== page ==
Maine Preservationists tour Clare McDermott’s property on Sumner Bean Road. Rose Lincoln, Bethel Citizen

ALBANY — “I have a soft spot for the Plain Jane homes that were built modestly and have a very simple kind of energy to them. That’s what we want to preserve.” said Clare McDermott of the 1840 cape cod style ‘utilitarian’ home she and husband, Bryan Spencer, bought in the fall of 2020.

On Tuesday, Nov. 15, McDermott met with Brad Miller, Tara Kelly and Jonathan Hall of Maine Preservation in Yarmouth, to gain insight and ideas about her home. The three visited other historical buildings in Bethel on the same day, (see corresponding story). Maine Preservation was founded in 1972 to, “promote and preserve historic places, strengthening the cultural and economic vitality of Maine’s communities.”

McDermott’s house was the last stop of the day. Earlier they visited the two historical society homes and Gehring Mansion on Broad Street, and a former Grange Hall in West Bethel. They also met with Jessie Perkins at the Chamber of Commerce and with Lloyd Sweetser at the Town Office.

“One of the reasons I wanted to talk with them (Maine Preservation), is it’s hard to hire people. It’s hard for me to tell what’s original detail and what would be appropriate to put back in. We don’t want to be super strict about making it just so. At the same time, if there is an opportunity to preserve what it looked like 200 years ago, then we’d love to do that,” said McDermott.

The group talked in her cozy kitchen scented with the smell of hot apple cider. They recommended she search for old photos to see, for instance, where the house was originally placed. Hall suggested removing some of the vinyl siding for clues. “You let the building inform your decisions. Typically we would recommend wood,” he said of the exterior.

“I’m working on trying to create a historic homeowner tax credit that would cover 25% of your rehabilitation expenses between $5,000 and $250,000,” said Tara Kelly, executive director. “We’re hearing from homeowner after homeowner and we know they have these programs in other states. We’re hoping to address this into the legislature this year”


Around the perimeter of the property, off Vernon Street by Long Mountain, in Albany Township, are apple trees from the original homestead. There are also hazelnuts, raspberries and a crab apple tree. The couple hopes to plant blueberry bushes, too.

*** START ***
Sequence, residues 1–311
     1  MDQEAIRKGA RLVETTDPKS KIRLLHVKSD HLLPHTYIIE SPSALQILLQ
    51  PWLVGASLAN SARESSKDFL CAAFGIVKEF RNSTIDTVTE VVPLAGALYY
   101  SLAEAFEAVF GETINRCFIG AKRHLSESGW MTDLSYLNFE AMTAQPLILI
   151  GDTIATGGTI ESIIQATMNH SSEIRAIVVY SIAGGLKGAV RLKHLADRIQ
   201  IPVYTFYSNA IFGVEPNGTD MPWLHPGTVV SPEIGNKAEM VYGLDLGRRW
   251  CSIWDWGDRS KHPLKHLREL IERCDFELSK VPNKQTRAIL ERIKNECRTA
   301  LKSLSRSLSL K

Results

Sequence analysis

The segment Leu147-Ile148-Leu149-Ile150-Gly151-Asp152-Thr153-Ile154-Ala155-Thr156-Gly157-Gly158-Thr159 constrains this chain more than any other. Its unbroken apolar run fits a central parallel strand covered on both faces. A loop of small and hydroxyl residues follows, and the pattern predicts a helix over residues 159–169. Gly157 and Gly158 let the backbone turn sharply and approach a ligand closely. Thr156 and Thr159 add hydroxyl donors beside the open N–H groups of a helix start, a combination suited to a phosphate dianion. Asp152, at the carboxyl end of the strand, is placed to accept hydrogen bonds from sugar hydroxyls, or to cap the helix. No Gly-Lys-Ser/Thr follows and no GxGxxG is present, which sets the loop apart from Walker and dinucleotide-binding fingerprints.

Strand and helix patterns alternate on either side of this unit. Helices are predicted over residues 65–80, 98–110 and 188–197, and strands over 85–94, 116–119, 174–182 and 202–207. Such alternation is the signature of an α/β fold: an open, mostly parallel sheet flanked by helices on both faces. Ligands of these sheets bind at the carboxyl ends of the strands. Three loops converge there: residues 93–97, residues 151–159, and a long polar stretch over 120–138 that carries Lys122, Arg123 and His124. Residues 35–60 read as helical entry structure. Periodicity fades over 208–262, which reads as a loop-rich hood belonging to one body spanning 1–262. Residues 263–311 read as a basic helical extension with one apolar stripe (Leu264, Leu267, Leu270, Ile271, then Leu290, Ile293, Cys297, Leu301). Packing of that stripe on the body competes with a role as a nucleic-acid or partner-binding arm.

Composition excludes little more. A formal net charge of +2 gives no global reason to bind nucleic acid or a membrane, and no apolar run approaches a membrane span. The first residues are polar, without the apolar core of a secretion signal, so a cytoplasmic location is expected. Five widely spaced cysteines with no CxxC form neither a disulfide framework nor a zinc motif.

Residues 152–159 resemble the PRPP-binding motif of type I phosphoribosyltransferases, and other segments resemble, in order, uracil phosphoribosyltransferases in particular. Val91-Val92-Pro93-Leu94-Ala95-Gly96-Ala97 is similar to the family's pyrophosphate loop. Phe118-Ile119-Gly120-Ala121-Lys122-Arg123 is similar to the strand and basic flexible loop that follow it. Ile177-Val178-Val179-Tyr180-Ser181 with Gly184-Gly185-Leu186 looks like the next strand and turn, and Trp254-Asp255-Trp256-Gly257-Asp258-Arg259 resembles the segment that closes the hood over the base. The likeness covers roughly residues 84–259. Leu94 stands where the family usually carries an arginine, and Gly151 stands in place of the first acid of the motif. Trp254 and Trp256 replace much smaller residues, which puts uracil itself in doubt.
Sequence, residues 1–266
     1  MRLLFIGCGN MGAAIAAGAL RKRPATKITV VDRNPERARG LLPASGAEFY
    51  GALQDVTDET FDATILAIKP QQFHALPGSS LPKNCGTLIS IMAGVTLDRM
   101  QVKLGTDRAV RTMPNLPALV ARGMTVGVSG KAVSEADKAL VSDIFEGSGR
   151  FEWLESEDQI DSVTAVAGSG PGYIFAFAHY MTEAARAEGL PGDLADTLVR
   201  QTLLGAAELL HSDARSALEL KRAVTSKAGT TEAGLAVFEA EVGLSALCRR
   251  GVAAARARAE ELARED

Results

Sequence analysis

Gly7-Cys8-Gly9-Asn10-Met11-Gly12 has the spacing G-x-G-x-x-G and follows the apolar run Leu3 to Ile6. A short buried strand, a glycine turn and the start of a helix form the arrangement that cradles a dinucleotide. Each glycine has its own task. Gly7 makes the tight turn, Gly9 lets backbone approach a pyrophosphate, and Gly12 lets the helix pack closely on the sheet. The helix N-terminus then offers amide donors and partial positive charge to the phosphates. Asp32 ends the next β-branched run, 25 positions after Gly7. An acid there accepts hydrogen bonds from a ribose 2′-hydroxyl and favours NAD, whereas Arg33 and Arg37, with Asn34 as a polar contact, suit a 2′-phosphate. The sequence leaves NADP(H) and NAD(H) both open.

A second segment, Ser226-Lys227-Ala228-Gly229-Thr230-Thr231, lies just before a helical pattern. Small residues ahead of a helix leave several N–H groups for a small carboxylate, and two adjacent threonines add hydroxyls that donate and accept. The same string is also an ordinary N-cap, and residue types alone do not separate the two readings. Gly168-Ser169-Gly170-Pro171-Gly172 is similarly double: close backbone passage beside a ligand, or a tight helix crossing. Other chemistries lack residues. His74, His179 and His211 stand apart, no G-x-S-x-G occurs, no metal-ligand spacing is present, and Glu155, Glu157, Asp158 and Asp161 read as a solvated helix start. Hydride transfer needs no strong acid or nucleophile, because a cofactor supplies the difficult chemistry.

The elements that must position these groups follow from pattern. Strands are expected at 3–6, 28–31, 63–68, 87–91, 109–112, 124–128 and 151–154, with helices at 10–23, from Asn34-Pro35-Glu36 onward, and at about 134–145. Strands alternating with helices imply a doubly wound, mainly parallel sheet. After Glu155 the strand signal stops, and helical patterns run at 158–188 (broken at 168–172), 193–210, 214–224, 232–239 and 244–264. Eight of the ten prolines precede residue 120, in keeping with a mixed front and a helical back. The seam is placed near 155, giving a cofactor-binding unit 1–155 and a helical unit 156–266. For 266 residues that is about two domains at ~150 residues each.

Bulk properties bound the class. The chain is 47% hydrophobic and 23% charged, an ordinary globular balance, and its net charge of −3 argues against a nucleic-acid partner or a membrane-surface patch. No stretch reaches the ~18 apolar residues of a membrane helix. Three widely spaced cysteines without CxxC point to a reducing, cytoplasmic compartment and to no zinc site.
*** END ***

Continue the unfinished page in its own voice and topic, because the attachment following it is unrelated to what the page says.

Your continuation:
They use no utilities, so are off the grid. They heat and power the refrigerator with propane, use solar energy for electric and a well for their water. The previous owner upgraded the solar and installed everything else. Learning how it all worked was challenging for the couple.

The people who owned the house 20 years ago, prior to the off-grid owners, purportedly powered by windmill and used candles for electricity. “So you’re continuing the lineage,” quipped Miller. Responded McDermott, “It makes you feel more secure. If things go terribly wrong we know we’ll be here.”

The house is the Sumner Bean homestead on Sumner Bean Road, so likely was owned by Sumner Bean, but McDermott said they haven’t done any research to verify this, yet.

One of the interesting details of the house are the three dormers, all narrower than usual, with the sole front dormer off-center. “It’s not typical,” confirms Miller of the front dormer. Hall says, “It’s really rare to find a pure building that is the same as it was when it was built. There are always little curiosities. It could be something as simple as someone wanted the dormer to add light to a sewing space.”

The ground up newspaper in the attic worries McDermott partly because of the ‘carnival of rodents’ that nest there and also because it could be a fire hazard. Hall eases her fire worries, saying the newspaper is most likely flame retardant. McDermott still worries,  “I’m dying to get it out of there because there is a big animal living up there, possibly in the weasel family,”


“This is where I get stuck, I feel like I can’t just call the insulation guy and say get rid of this stuff.” Hall suggests asking for proposals. “We’ll tell you the questions to ask,” says Kelly. “If you can slow down, take your time, its a huge advantage,” said Hall

In the basement, McDermott was concerned about the  water leaking through the fieldstones. The preservationists suggested grading outside, first. McDermott didn’t want to use a dehumidifier, since they are off grid and the electricity usage would be high. Instead, Hall suggested opening windows, running a fan and eventually buying a heat pump water heater because of it’s efficiency and because it takes moisture out of the air. “It will take humidity out of the air?” asked McDermott, surprised. With climate change, planning for an increase in precipitation is another concern, said Miller.

McDermott says from the very first time they visited the house, she was entranced.  “I looked out the kitchen window. It looks like a painting. That barn against the back is so stark,” she said.

As the sun set, and the crew headed toward the door and back toward the coast, McDermott said, “I really appreciate your stopping by with your wealth of information.”


Maine Preservationists tour Clare McDermott’s property on Sumner Bean Road. Rose Lincoln, Bethel Citizen


Maine Preservationists tour Clare McDermott’s property on Sumner Bean Road. Rose Lincoln, Bethel Citizen

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